A Structured Process for Supervising Students’ Final Theses and Projects in Computer Science


  • Sigrid Schefer-Wenzl University of Applied Sciences Campus Vienna
  • Igor Miladinovic University of Applied Sciences Campus Vienna




supervision, higher education, bachelor thesis, master thesis


Bachelor’s and Master’s theses are an opportunity for students to dive deep into a research question and gain in-depth knowledge about a research topic. At the end of a curriculum, theses act as a kind of bridge between the educational stage and work or further study. Thesis supervision is a resource-intensive task and often a critical factor for the quality of a thesis. After decades of experience with different methods, we have developed a concept for continuous thesis supervision and applied it to two specific degree programs at our university, the Bachelor's program in Computer Science and Digital Communication and the Master's program in Software Design and Engineering. Compared to traditional supervision methods, this concept has led to a higher adherence to deadlines and to a higher quality of the final theses. In this paper, we present our findings on different types of supervisors and our concept for continuous thesis supervision, which can be adapted to each identified supervisor type. This concept comprises several methods, intended to inspire other supervisors to choose the set of methods that best suits their needs. We also describe how this concept can be adapted for project-based courses.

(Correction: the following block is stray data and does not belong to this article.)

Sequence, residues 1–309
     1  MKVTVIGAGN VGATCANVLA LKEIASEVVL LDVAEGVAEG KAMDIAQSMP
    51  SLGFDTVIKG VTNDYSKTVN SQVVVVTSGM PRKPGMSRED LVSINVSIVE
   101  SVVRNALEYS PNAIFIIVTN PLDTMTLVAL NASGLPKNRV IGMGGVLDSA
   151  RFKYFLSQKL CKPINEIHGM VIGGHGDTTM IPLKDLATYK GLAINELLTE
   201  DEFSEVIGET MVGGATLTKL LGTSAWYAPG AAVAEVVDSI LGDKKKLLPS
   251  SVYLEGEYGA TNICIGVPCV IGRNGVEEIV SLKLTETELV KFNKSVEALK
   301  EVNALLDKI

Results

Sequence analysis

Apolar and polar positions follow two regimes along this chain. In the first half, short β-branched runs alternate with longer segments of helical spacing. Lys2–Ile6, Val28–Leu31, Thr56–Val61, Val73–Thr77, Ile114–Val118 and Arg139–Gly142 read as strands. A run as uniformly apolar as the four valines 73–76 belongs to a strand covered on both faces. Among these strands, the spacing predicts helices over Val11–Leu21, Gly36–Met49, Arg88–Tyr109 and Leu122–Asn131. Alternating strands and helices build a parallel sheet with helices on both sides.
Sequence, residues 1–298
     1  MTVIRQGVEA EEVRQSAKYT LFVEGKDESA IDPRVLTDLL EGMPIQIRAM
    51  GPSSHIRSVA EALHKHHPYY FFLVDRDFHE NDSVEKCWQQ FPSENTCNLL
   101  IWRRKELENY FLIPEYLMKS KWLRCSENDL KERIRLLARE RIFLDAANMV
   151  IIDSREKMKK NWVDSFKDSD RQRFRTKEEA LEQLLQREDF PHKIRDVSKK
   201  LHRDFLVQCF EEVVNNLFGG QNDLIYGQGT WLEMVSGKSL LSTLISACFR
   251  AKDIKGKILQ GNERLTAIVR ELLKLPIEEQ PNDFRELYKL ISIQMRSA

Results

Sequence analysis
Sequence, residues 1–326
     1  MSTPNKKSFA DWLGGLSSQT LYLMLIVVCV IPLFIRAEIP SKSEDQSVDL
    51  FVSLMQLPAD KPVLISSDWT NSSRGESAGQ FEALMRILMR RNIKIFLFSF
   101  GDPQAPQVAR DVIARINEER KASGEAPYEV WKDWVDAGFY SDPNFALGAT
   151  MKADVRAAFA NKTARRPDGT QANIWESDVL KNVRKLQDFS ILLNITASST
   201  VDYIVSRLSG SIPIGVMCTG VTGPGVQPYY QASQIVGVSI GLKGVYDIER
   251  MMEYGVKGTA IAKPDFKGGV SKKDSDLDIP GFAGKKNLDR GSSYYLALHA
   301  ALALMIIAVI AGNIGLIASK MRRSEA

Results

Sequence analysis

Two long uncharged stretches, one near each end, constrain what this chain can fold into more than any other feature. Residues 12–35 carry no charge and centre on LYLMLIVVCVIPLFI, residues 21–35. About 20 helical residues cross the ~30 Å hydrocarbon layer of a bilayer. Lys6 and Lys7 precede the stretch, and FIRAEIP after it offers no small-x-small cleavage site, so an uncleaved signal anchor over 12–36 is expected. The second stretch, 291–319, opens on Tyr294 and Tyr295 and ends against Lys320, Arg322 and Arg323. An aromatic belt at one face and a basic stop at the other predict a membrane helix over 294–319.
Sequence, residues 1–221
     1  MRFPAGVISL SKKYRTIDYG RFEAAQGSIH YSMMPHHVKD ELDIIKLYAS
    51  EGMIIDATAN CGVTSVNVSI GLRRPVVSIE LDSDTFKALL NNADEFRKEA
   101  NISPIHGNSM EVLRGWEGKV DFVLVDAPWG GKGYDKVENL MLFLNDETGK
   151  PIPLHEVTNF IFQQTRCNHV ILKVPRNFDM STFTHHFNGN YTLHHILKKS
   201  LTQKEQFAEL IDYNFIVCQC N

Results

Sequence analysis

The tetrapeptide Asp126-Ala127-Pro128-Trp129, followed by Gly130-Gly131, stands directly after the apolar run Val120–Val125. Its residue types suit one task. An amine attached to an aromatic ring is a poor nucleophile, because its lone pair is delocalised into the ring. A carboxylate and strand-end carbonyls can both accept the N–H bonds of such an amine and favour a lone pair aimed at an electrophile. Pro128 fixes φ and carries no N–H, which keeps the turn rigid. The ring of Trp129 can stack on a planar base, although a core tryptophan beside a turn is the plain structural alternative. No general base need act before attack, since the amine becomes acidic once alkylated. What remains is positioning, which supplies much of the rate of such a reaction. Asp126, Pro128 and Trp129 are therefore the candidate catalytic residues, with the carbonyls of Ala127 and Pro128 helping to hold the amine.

How to Cite

Schefer-Wenzl, S., & Miladinovic, I. (2022). A Structured Process for Supervising Students’ Final Theses and Projects in Computer Science. International Journal of Advanced Corporate Learning (iJAC), 15(1), pp. 75–85. https://doi.org/10.3991/ijac.v15i1.27211



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